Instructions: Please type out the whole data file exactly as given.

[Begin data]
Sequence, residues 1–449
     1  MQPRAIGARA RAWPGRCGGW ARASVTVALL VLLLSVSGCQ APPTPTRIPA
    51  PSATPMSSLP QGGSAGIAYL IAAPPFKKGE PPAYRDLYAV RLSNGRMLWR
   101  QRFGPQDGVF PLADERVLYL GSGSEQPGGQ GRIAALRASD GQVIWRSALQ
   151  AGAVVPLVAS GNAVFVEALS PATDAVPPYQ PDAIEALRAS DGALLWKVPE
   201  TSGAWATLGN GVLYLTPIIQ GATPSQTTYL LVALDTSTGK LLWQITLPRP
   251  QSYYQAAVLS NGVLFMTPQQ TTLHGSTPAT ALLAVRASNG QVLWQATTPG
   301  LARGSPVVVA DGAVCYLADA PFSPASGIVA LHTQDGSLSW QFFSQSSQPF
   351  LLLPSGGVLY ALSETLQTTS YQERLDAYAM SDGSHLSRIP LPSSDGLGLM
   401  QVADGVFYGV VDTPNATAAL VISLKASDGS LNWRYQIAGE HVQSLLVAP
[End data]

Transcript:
Sequence, residues 1–449
     1  MQPRAIGARA RAWPGRCGGW ARASVTVALL VLLLSVSGCQ APPTPTRIPA
    51  PSATPMSSLP QGGSAGIAYL IAAPPFKKGE PPAYRDLYAV RLSNGRMLWR
   101  QRFGPQDGVF PLADERVLYL GSGSEQPGGQ GRIAALRASD GQVIWRSALQ
   151  AGAVVPLVAS GNAVFVEALS PATDAVPPYQ PDAIEALRAS DGALLWKVPE
   201  TSGAWATLGN GVLYLTPIIQ GATPSQTTYL LVALDTSTGK LLWQITLPRP
   251  QSYYQAAVLS NGVLFMTPQQ TTLHGSTPAT ALLAVRASNG QVLWQATTPG
   301  LARGSPVVVA DGAVCYLADA PFSPASGIVA LHTQDGSLSW QFFSQSSQPF
   351  LLLPSGGVLY ALSETLQTTS YQERLDAYAM SDGSHLSRIP LPSSDGLGLM
   401  QVADGVFYGV VDTPNATAAL VISLKASDGS LNWRYQIAGE HVQSLLVAP